March 2013 has led TWP to a momentus new milestone in Nicaragua and our long-standing reforestation programs in the country. This month will see us finally breaking ground, with partner organization Proleña, on our long-awaited Biomass Energy and Climate Change Center (CENADEC) in La Paz Centro, Nicaragua, one hour southeast of Managua.
CENADEC will be a venue for regional and international students, practitioners and rural communities to learn about efficient and clean renewable energy technologies, as well as adaptation strategies to lessen the impacts of climate change. Our goal is to create a reference center for the region from which technologies and approaches to low-carbon development can be developed, taught and deployed.
The first building we will construct is our ceramics research facility, equipped with proven fuel-efficient kilns to produce specialty pieces for fuel efficient cookstove combustion chambers manufactured in the region. Concurrently, we will add diverse agro-forestry demonstration plots to test income diversification strategies for rural agricultural communities that can no longer depend on regular rainfall, predictable seed and fertilizer prices, or market prices for traditional crops.
The launch of this center will demand much of our focus in Nicaragua over the coming months, and while we will maintain nursery production of over 120,000 trees per year in the country, we will be closing our "10,000 Trees for Nicaragua" campaign to focus on a successful launch. We thank you for supporting this project until now, and we encourage you to follow the development of CENADEC as it transforms climate change education and adaptation in the region over the coming years.
Another season is beginning at Trees, Water & People’s three Nicaraguan tree nurseries. The end of the year is when the nurseries are cleaned and prepared for the next season’s plantings. We’ve bought most of our seed, most of our soil substrate, and staff have started to build the rows in which hundreds of thousands of trees will be planted.
This year TWP will build reforestation programs along three major lines. One is growing trees for our network of Forest Replacement Associations, and their farmers. These farmers grow trees on their land to diversify their income through forest products like fruit, fuel, and in the longer term, lumber.
The next line is growing trees for demonstration plots at the National Center for Biomass Energy and Climate Change Research, in La Paz Centro, Nicaragua. We have plans sketched and are developing agroforestry models appropriate to the local climate, soils and hydrology.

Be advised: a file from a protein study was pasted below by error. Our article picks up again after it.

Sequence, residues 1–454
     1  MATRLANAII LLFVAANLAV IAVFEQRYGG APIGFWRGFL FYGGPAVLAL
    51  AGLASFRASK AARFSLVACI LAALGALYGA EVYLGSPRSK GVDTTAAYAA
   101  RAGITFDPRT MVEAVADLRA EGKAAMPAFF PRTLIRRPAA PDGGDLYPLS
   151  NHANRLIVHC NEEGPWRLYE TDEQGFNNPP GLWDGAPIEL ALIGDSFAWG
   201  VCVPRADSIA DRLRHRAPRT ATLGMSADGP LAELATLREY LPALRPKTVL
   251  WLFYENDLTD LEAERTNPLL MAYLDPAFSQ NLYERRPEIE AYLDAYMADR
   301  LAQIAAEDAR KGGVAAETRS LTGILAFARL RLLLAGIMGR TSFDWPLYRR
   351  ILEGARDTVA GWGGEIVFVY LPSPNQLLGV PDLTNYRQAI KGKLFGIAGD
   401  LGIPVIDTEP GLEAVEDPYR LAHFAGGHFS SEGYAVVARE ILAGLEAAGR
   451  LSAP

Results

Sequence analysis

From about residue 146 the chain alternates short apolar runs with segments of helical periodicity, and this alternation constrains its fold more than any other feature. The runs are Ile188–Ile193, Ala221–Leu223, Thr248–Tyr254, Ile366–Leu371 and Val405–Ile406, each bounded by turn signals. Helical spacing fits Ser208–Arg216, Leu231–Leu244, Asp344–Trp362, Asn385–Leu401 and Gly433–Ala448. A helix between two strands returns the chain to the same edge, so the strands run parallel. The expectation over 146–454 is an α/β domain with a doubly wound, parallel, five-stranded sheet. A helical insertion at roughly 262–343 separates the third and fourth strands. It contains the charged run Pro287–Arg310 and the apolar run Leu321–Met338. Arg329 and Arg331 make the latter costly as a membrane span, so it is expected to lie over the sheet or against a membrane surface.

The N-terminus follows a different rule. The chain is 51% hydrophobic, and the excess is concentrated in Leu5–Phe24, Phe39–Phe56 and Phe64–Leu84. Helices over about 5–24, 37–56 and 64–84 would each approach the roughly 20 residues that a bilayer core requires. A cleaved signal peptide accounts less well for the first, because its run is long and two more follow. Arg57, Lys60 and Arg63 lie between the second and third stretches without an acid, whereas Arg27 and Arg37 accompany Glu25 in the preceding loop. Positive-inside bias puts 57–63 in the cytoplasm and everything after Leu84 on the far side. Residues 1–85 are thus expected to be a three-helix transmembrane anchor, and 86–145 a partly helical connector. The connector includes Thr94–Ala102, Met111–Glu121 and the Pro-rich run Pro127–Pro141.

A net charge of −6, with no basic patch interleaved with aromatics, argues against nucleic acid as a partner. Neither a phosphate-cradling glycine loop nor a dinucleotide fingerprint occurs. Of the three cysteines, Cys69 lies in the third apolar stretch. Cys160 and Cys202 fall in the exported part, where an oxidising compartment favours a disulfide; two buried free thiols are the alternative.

The third and most important, is finding ways to keep our supporters – both individual supporters and corporate partners – appraised of our progress throughout the year. Global Giving is one great channel through which to do this, but our blog and website are other great sources of information that help us stay connected.
Thank you always for your kind support, and never hesitate to get in touch to see how you or people you know can get more involved in supporting this great project.
Happy holidays from the Trees, Water & People staff!
Trees, Water & People (TWP) has supported reforestation activities in Nicaragua since 2001, partnering with Proleña to produce trees commercially for Forest Replacement Associations, made up of farmers local to each of three nurseries. The nurseries were strategically located in communities outside of Managua that are known for biomass dependent industries - one is ground zero for wood fired ceramics in the country, another houses quicklime producers (Calcium Oxide from Limestone) and the third is in a region with a high level of firewood extraction for sale to the urban masses.
In all three areas where we conduct our work, TWP and Proleña have created a non-profit, independent association of consumers and producers of trees and linked them so that they can produce their fuel locally with fast-growing species, rather than depend on trees from Nicaragua's dwindling forests. This creates a new income stream for local farmers, and reduces the carbon footprint of the participating industries. It also opens the door for engaging the community to plant fruit trees, hardwood trees, and fast-growing timber trees produced at the same nurseries.
Currently, farmers throughout the Caribbean and Meso-america are experiencing one of the worst droughts in recent memory. Rainy season is three months late, causing massive crop failures and putting pressure on other livelihood activities. While tragic, this is why TWP encourages farmers to diversify their income streams via tree planting and agro-forestry, because once trees are established, they require less irrigation and maintenance, and are more resilient than seasonal crops. As climate change rears its ugly head, we will continue to provide communities with strategies to mitigate the effects of climate change on their livelihoods and communities.
All together now...PLANT MORE TREES!
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